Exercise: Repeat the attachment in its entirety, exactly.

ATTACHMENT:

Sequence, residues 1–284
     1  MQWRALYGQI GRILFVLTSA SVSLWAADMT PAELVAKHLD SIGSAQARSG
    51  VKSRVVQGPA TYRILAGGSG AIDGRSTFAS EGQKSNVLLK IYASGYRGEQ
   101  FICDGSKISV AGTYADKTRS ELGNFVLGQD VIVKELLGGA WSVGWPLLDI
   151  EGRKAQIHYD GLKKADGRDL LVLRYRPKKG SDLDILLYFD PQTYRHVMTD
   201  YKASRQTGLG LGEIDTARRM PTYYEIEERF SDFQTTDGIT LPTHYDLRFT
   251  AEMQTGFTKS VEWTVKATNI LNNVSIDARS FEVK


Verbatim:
Sequence, residues 1–284
     1  MQWRALYGQI GRILFVLTSA SVSLWAADMT PAELVAKHLD SIGSAQARSG
    51  VKSRVVQGPA TYRILAGGSG AIDGRSTFAS EGQKSNVLLK IYASGYRGEQ
   101  FICDGSKISV AGTYADKTRS ELGNFVLGQD VIVKELLGGA WSVGWPLLDI
   151  EGRKAQIHYD GLKKADGRDL LVLRYRPKKG SDLDILLYFD PQTYRHVMTD
   201  YKASRQTGLG LGEIDTARRM PTYYEIEERF SDFQTTDGIT LPTHYDLRFT
   251  AEMQTGFTKS VEWTVKATNI LNNVSIDARS FEVK